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Workbench

Discussion in 'Garage / Workshop' started by T Fades, Oct 10, 2013.

  1. Oct 10, 2013 at 1:11 PM
    #1
    T Fades

    T Fades [OP] Well-Known Member

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    Going to be making a workbench for the garage. I have drawn out dimensions, but I am not sure what type of wood I should use.

    Was thinking about using 4x4s for the legs. Should I be using presssure treated?

    For the horizontal supports, going to use 2x4s. These should also be pressure treated, correct?

    For the top, I plan on using 3/4" plywood, with a 1/4" hardwood on top of the plywood. What type of plywood should I use? Standard, Birch, other? Do they make pressure treated plywood?

    For the shelf, was thinking about 3/4" birch plywood.

    Any other recommendations?
     
  2. Oct 10, 2013 at 5:59 PM
    #2
    wileyC

    wileyC Well-Known Member

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    i'm building a workbench at the moment as well... i must say, i've gone the path of building a more traditionalist woodworkers bench...so, this may or may not appeal to you...

    based on my experience thus far (which is pretty little :D), i have to say poplar is a great hardwood to work w/... it's readily available in my area as well, and not very expensive, so that also played into my selection...

    ...don't see the need for pressure treated, ...it's going to be inside right?...

    for the top, i'd recommend doing a hardwood top, at least 3" thick, for adequate holding w/ holdfasts in dogholes... some folks buy premade laminated maple tops, generally they are only like 1.5" thick so they'll glue two together to get more thickness... i'm making my top from some 4" thick poplar slabs, but in retrospect it would've been much easier, and not much more in cost, if i bought some premade maple tops...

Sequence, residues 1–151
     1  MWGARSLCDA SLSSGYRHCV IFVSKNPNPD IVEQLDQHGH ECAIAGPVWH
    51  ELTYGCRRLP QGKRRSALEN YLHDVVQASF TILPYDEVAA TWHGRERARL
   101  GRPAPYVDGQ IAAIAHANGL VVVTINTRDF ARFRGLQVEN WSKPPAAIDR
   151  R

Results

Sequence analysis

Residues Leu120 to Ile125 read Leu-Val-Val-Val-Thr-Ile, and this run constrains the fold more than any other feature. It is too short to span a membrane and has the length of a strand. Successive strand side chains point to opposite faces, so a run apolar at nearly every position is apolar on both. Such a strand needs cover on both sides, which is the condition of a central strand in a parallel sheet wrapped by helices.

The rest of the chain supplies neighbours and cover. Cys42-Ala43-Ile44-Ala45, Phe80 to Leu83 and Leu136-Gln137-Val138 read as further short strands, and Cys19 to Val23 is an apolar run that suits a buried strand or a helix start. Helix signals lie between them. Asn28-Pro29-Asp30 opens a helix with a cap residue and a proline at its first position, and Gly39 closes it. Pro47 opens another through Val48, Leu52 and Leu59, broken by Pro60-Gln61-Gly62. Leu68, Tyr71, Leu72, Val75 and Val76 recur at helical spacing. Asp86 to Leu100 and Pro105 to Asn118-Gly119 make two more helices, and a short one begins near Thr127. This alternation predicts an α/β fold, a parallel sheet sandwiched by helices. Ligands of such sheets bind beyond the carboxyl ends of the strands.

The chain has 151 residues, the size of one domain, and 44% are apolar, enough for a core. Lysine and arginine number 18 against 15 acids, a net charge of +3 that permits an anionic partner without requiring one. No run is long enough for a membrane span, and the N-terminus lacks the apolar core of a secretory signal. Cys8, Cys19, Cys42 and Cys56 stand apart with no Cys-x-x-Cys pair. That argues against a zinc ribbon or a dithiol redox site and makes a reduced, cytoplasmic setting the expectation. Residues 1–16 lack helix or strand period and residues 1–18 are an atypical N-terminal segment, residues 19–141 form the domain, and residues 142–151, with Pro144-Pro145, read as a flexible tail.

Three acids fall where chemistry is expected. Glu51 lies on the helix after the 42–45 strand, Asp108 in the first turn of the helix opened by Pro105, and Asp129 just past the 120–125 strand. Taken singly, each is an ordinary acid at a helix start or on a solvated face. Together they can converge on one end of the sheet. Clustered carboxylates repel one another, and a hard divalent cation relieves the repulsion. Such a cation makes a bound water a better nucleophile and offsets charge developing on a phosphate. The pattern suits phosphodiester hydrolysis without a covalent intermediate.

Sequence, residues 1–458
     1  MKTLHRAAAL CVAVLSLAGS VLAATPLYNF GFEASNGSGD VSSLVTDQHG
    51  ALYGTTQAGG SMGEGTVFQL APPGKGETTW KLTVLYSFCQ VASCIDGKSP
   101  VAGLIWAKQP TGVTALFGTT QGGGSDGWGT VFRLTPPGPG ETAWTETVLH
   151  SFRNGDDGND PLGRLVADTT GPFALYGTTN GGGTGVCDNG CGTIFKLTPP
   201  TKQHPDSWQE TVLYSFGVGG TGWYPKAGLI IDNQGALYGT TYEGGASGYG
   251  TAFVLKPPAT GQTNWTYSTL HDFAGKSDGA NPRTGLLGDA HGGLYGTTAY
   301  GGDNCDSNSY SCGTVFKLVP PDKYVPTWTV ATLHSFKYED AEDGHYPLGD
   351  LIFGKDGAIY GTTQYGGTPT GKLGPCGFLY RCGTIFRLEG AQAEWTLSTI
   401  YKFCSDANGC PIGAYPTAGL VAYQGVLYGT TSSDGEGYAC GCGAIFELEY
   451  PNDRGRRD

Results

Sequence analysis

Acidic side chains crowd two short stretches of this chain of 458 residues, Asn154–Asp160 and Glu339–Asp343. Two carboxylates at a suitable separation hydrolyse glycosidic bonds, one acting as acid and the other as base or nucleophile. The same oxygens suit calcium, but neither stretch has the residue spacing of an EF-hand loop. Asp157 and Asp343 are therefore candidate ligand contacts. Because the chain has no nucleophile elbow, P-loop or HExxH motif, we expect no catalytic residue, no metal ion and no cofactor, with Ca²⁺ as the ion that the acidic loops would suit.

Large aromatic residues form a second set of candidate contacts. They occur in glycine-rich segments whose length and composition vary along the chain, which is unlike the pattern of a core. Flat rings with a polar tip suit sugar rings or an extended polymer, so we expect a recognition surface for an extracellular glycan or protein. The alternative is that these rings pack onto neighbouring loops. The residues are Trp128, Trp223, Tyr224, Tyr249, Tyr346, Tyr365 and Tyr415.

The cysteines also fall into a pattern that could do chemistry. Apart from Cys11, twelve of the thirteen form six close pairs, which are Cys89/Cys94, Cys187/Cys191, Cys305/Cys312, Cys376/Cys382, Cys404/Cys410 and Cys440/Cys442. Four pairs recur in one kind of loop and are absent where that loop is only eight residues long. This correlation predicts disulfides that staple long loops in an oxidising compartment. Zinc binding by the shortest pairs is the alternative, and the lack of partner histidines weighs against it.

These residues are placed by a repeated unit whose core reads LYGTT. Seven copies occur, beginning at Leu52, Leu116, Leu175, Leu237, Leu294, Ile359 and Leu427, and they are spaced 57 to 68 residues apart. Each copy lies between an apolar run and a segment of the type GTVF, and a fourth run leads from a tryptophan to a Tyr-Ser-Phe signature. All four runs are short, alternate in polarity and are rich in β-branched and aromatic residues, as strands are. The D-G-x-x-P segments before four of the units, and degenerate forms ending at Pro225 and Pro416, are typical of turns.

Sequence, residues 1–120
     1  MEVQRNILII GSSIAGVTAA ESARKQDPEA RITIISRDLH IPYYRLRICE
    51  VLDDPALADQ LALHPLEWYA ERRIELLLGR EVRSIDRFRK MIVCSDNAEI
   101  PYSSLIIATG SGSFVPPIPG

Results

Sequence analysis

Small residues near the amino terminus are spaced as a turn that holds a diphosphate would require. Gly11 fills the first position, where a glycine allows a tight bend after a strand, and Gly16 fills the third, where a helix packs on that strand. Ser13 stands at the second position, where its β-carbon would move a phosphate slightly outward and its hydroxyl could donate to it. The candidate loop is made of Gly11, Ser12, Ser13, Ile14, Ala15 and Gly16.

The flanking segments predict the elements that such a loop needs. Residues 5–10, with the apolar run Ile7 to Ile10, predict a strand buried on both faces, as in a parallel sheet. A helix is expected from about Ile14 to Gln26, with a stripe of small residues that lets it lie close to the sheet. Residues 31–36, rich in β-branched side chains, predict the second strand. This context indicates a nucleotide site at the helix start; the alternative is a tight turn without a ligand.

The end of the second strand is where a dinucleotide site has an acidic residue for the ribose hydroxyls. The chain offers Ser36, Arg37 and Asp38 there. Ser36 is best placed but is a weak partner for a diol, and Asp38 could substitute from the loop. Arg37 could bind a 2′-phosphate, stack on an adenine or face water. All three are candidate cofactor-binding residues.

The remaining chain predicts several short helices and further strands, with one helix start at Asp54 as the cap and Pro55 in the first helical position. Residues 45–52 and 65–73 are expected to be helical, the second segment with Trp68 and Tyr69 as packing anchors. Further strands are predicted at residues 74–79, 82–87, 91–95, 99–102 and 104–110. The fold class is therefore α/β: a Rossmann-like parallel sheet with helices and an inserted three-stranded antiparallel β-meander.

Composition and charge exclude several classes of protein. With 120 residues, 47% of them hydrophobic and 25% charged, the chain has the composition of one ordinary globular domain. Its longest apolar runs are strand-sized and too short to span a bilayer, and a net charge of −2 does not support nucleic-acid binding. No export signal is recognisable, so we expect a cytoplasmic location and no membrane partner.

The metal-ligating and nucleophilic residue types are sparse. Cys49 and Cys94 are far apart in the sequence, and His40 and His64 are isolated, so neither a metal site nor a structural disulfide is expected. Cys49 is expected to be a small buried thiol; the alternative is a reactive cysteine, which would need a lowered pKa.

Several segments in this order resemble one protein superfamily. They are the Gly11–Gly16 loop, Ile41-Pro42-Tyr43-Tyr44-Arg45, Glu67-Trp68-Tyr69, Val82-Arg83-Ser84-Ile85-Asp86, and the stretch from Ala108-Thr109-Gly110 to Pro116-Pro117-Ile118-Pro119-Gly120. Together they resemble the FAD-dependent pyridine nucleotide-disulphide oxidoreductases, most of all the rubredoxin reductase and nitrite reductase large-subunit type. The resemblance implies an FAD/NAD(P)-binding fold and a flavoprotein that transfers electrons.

the problem w/ plywood as a top is that if you wanted to flatten the top, wood can "move" over time/conditions/etc... you'll have issues because it's just a thin top veneer, and the grain directions are staggered throughout... there is a pretty neat design from LVL (laminated veneer lumber), which is kinda like plywood, but the layers all have the same grain direction, ...do a search on the web for LVL workbench, there's some that have a really striking appearance because of the LVL layers....

    for the legs, you could use 4x4 cedar or whatever is at the home center, ...but most either get large stock from hardwood dealers, or laminate their own boards of choice into thick legs... decided on what joinery to do for the members of the frame; mortise/tenon, draw-bolt, draw-bore, half lap, etc... you could even make a strong frame using large dowels like w/ the dowelmax system or similar....

    happy building! :wave:
     
  3. Oct 10, 2013 at 6:04 PM
    #3
    snorola

    snorola Well-Known Member

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    I built this one two years ago, cost me nothing as I took scraps from construction sites I worked on. Just used pine 2x4 which is plenty for the legs, doesn't need to be pressure treated if its in your garage.

    [​IMG]
     
  4. Oct 10, 2013 at 6:15 PM
    #4
    Pugga

    Pugga Pasti-Dip Free Since 1983

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    Damn... I bought the stuff to build one not long ago, still need to assemble. I'm just using 2x4's for the legs, 3/4" AC plywood for the bench, 2x4s on edge screwed through from the plywood at the outer edge to keep it rigid and 2x4 cross members to keep the middle from sagging also. It'll look similar to snorola but no upper shelf and it'll be a full sheet of plywood.